Tuesday, January 3, 2017

Unexpected in Fiction 2 - How to create surprises

Sometimes you surprise yourself. When you do this as a writer, it can provide big thrills for you and your readers. But, just as happiness is approached indirectly, there is no straight-line formula for self-surprise.


To be surprised, you need to be open to being surprised. This usually means taking the stress off and allowing yourself to have some fun. John Cleese recommends being patient, giving your brain the time to be creative.

Knowledge is a critical component as well. The more you give slack to your curiosity, gathering "useless" information and allowing yourself to dig deeply into areas that fascinate you, the more you'll have at hand to connect to and ways that make sense but don't conform to conventional wisdom.

Another form of knowledge is developing a better understanding of surprise itself. In the last entry, I provided some of the literary uses of surprise, but you can build beyond those. The first step is noticing when you and others get surprised and then analyzing the process. Was the surprise startling? How novel was the information? What was supposed to happen? Was what did happen justified? If you become sensitive to times when you experience surprise and begin to note and analyze these, you'll take steps toward being able to do the same tricks or improve on them. (Sometimes, a disappointment or a failed attempt to surprise can be more instructive than a successful execution.)


Not all surprises are good. In fact, the original meaning of the word was more connected with an ambush than a thrill. To the extent, we protect ourselves from surprising situations. We make plans. As writers, we plot, outline, analyze, and describe. With all the best intentions, we often make surprises that might enhance the manuscripts unlikely.

This is one reason why I'm a big believer in fast drafting a manuscript. Accepting what your brain creates and ignoring the internal editor often opens up possibilities that societal strictures, "rules," and "good taste" preclude. Write fast enough and anything can happen.

This may seem intemperate to you. If so, my next suggestion maybe even more upsetting. Cultivate opportunities to paint yourself into corners. Give your viewpoint characters impossible choices. Select topics and perspectives that are way out of your comfort zone. (Okay, this might not sound like fun, but you can learn to like it.)

You can also add some pressure by setting a timer and forcing yourself to write into the unknown and reach some sort of an endpoint before the timer goes off.

You can also force yourself to explore options. This can be as simple as making a list of 10 to 20 possibilities (and choosing one from the second half of the list) or it can be as challenging as writing several versions of a scene.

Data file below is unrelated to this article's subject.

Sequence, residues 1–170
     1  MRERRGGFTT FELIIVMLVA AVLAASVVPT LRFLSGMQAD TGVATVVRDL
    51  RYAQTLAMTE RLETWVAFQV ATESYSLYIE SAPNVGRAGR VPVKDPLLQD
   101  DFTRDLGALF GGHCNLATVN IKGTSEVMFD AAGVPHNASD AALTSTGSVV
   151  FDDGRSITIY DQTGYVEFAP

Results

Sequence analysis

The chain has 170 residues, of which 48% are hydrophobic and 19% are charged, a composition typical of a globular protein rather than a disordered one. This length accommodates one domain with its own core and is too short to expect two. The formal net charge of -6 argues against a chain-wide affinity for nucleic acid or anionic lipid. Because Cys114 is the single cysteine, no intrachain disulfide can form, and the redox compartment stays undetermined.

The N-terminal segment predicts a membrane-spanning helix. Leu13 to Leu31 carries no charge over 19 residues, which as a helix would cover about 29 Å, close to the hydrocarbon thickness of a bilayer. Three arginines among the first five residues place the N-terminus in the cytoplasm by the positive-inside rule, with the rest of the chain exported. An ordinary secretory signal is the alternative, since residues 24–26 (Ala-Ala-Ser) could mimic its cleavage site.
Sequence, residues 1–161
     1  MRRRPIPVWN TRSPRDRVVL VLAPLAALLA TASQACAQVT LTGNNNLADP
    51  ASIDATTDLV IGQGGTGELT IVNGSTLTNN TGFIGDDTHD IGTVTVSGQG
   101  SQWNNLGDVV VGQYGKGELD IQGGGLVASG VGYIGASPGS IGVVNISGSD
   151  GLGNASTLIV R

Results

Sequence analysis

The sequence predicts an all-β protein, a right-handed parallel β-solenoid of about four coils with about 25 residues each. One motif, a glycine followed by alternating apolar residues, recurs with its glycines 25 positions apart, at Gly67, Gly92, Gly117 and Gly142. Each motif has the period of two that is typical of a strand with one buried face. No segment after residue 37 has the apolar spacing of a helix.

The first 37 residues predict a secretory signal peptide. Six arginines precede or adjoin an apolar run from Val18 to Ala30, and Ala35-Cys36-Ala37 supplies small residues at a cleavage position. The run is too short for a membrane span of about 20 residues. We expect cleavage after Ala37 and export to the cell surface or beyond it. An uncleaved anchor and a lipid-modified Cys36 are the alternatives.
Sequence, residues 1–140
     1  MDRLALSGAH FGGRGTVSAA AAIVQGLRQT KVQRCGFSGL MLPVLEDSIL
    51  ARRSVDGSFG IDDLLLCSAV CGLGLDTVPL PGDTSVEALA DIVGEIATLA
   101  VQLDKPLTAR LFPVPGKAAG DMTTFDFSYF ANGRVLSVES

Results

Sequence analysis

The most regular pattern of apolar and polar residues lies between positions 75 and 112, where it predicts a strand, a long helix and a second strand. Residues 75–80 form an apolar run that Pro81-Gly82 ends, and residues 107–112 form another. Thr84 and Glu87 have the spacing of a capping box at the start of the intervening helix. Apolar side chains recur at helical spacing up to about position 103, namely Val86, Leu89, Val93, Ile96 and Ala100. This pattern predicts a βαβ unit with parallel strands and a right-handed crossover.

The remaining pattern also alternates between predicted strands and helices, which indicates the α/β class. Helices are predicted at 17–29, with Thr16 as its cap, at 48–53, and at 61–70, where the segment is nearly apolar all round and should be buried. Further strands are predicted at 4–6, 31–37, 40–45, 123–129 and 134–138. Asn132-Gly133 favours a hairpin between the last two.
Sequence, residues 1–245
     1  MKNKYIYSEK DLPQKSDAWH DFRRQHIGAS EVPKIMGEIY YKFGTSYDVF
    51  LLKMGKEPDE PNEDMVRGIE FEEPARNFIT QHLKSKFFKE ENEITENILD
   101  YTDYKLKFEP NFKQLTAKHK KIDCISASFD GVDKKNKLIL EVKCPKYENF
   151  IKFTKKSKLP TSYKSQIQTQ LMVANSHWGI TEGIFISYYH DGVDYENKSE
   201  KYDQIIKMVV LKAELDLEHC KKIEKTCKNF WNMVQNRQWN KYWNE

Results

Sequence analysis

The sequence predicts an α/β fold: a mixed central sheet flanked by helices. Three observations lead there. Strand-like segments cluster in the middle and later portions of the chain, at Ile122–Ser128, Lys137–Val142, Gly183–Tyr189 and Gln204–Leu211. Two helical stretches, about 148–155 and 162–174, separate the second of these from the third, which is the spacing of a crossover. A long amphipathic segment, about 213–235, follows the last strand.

Most mystery writers know who the culprit is and how they did it before they begin the story (or so I'm told). So, though I have faith that surprising yourself is this your respect to surprising readers, it is
possible to work from and ending to create the delights of the unexpected. There are several aspects to pulling this off, including charming and distracting the reader so that evidence isn't properly noticed. It's also good to lead people astray with alternate expectations and to introduce new ideas and information in ways that guarantee the reader's understanding. Ultimately, the payoff must be worthwhile and clear.

The value of the conclusion must be high enough to justify the reader's investment in time and engagement. It must be worth the price. Usually, this means something new must be learned, whether it be about who characters really are or how information connects (including meaningful juxtapositions). The payoff isn't much of a payoff if it's expected or only slightly different from what's expected or disappointing compared to what the reader hoped for.

Needless to say, all surprises – not just solutions to murders — must be fair. Except in cases where the author only intends to shock the reader, information must be provided that would have allowed readers to predict the the surprising elements. (One TV writer said the surprise was justified if half his audience could have guessed it. But, of course, you hope none of them actually do.)

A few more notes:

Other than self protection, the main thing working against surprise for authors is politeness. While, as individuals, we may not want to be rude, cultivating a level of social chaos within a story and being actively cruel to our characters can create situations that take readers away from the familiar, enhancing their enjoyment of the stories. It's also important to develop a tolerance for some inconsistency and to put up with contradictions within characters. Logic and much of what we learn in schools push us toward making sense.

As storytellers, we need more latitude. It's difficult to name a major character in fiction who isn't riddled with contradictions. And one prominent scriptwriter told me that every movie has at least one important logical flaw. So, you have my permission to step away from order and dip your toe into chaos from time to time – provided it makes the story better.

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